Profitable growth comes from an effective launch of a well-designed product or service, with proper support to nurture it into the market. There are a lot of choices on how, where and when to do a launch, as well as whether to make a big splash or use word-of-mouth. The launch plan needs to be part of the development plan, and some time spent invested in refining messages and approaches will pay a massive dividend. As with many topics here, large organizations can afford massive marketing budgets and launch plans, but they are not always necessary and sometimes they are counter-productive. In B2B, as discussed in B2B Sales , many industries are small, and big launches, whilst very satisfying and fascinating to manage, should be limited to really revolutionary introductions, where you are intending to address people you’ve never met.
Of course, there are agencies who specialize in market launches, and if it is a very big launch, then this is definitely worthwhile. In general, and especially if you are an SME in B2B, the following is generally important:
- Your target market is probably going to be approached directly in face-to-face meetings, or via trade journals and shows. This means the message has to be extremely clear, especially with your own people. – develop your “elevator pitch” carefully.
- Before you launch, test the incremental value of your offering. Discuss with one or two trusted customers (this is why it is always good to have a short list ready), to validate your own thoughts about value proposition.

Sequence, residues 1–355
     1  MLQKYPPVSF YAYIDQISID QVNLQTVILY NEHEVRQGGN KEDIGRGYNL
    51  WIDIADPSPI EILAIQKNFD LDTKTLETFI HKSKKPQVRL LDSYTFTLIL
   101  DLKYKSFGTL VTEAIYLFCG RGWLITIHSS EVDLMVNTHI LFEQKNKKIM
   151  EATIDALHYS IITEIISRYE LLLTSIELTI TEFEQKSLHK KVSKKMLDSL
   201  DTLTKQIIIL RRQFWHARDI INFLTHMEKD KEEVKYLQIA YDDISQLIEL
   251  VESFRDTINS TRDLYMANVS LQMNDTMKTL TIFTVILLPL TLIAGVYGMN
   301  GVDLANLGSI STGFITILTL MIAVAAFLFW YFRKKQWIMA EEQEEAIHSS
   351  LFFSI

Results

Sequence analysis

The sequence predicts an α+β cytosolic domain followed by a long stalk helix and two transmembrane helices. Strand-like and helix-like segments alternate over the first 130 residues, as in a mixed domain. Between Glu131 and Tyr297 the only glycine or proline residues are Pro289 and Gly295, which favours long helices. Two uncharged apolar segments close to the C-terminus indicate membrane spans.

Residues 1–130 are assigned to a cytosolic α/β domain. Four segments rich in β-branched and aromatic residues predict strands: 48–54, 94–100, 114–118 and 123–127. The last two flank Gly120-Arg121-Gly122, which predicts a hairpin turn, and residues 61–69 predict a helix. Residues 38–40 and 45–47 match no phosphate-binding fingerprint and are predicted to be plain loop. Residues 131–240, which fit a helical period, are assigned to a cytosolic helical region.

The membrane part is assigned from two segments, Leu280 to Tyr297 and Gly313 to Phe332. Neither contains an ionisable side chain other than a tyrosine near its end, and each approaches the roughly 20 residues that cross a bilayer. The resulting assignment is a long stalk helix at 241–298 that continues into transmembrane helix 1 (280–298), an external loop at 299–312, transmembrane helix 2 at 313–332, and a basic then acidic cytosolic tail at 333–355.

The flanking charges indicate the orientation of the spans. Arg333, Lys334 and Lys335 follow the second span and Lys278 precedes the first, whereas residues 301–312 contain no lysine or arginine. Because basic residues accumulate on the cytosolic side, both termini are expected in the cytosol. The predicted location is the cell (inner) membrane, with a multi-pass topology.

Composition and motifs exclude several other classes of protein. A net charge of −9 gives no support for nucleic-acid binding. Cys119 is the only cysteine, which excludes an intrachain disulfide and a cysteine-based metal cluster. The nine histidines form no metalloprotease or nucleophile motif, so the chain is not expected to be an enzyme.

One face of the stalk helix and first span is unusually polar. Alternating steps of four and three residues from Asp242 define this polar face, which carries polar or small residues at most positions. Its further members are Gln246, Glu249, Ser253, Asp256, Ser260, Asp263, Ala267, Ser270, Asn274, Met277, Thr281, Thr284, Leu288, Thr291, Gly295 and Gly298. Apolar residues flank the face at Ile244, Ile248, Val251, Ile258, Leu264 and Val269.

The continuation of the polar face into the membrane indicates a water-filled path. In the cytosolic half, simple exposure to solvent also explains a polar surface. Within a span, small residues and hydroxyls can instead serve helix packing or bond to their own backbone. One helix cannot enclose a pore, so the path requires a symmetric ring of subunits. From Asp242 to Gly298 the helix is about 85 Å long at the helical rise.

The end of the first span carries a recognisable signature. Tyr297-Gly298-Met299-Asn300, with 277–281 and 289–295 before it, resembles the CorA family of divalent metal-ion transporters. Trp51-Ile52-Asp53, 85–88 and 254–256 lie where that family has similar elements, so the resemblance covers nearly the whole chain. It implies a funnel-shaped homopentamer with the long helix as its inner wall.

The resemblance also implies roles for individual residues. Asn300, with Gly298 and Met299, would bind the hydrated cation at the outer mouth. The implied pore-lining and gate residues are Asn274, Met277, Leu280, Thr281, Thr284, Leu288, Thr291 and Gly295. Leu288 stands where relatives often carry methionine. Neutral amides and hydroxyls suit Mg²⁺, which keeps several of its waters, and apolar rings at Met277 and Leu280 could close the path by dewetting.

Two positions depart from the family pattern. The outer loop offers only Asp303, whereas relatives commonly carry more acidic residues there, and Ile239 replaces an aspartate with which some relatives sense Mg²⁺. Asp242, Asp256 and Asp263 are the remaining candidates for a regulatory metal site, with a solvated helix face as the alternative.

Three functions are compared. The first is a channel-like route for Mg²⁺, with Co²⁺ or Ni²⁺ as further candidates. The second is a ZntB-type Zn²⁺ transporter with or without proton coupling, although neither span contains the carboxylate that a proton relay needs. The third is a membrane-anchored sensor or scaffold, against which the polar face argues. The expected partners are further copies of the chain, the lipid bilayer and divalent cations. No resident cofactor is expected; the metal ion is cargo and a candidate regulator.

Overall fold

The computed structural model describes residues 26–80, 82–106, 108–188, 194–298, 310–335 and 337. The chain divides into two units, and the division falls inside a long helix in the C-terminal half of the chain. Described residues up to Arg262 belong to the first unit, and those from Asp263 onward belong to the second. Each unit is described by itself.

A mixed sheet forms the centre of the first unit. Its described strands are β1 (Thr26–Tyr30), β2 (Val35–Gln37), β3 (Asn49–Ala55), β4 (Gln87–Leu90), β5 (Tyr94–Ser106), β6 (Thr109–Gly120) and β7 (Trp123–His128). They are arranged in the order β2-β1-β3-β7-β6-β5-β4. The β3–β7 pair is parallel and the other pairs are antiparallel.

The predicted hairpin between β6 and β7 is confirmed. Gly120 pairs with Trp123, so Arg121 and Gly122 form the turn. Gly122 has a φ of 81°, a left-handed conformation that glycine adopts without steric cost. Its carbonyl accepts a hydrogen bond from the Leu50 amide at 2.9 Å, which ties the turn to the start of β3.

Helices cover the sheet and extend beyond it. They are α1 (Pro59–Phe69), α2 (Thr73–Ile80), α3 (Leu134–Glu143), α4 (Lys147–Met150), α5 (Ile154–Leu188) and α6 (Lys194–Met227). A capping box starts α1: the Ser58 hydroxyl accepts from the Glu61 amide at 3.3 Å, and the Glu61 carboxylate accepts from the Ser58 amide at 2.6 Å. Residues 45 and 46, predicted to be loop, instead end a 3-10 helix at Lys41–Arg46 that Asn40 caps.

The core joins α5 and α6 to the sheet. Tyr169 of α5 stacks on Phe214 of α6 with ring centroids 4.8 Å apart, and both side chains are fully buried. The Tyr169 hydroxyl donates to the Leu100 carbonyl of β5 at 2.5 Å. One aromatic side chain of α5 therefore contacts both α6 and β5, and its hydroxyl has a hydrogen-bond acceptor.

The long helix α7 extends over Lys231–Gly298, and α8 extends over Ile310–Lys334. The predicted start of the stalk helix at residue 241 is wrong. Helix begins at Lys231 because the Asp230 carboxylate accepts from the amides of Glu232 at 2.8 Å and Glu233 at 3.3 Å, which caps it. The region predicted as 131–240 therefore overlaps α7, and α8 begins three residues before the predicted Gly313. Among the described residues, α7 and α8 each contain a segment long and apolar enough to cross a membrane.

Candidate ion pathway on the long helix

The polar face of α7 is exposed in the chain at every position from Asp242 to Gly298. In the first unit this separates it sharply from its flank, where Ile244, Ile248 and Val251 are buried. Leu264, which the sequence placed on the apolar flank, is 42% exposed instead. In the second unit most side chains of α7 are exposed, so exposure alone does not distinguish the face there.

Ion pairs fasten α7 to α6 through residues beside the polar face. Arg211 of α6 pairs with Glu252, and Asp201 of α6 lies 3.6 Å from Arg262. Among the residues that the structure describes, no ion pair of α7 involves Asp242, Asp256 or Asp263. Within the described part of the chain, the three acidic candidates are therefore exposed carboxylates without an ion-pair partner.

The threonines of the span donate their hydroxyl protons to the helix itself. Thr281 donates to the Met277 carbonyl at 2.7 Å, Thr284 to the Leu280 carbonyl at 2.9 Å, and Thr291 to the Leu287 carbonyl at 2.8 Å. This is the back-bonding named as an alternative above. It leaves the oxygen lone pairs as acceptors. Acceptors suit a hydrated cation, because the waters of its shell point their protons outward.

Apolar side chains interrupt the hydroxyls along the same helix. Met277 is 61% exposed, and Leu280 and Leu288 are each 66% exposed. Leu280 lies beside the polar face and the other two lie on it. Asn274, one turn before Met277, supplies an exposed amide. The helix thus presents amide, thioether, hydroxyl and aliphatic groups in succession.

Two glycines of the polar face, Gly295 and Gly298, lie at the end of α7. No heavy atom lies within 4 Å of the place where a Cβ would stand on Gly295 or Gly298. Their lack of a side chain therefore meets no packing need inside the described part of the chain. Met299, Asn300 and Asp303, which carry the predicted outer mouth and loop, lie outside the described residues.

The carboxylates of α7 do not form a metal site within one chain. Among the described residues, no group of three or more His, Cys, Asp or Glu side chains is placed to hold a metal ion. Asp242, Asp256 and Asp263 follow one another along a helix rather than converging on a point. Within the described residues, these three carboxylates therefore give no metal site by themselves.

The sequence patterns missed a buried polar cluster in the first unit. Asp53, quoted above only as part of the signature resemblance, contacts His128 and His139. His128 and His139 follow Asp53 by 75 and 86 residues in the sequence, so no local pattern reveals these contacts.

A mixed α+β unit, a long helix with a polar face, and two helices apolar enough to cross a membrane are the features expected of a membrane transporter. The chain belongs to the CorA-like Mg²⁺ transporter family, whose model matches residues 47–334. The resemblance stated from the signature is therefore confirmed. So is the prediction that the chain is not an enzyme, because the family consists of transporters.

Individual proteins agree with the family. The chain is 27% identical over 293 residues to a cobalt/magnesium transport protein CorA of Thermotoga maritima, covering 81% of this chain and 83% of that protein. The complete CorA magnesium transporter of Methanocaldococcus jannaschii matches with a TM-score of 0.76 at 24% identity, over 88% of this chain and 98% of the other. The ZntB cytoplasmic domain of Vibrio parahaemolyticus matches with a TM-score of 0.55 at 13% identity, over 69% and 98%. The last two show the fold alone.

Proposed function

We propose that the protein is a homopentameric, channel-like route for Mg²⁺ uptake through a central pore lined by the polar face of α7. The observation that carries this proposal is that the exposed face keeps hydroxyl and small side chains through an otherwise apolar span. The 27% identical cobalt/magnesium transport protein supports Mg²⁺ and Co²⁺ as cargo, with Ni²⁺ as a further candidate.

- Do an internal launch within your own organization; this lets you “test” the messages so you can adjust them if necessary. It also ensures people are telling the same story.
- Don’t forget the “elevator pitch” or the “30-second commercial”; if you can’t explain your new offering in that time, then you have to figure out how to!
- If you are replacing something you do today, don’t forget that today’s business needs to be “positioned” clearly in marketing terms, as well. You don’t want to be saying “our new thing is the only thing that works” when 90% of your business for this year will probably come from the old one.
- Make a plan to minimize the impact of the “3rd year dip”. This can be the difference between a successful launch and something ending in Dead Man’s Gulch.
Finally: Marketing and product launches are great fun, and motivating for people to be involved with, so do remember to include people who might not normally be involved.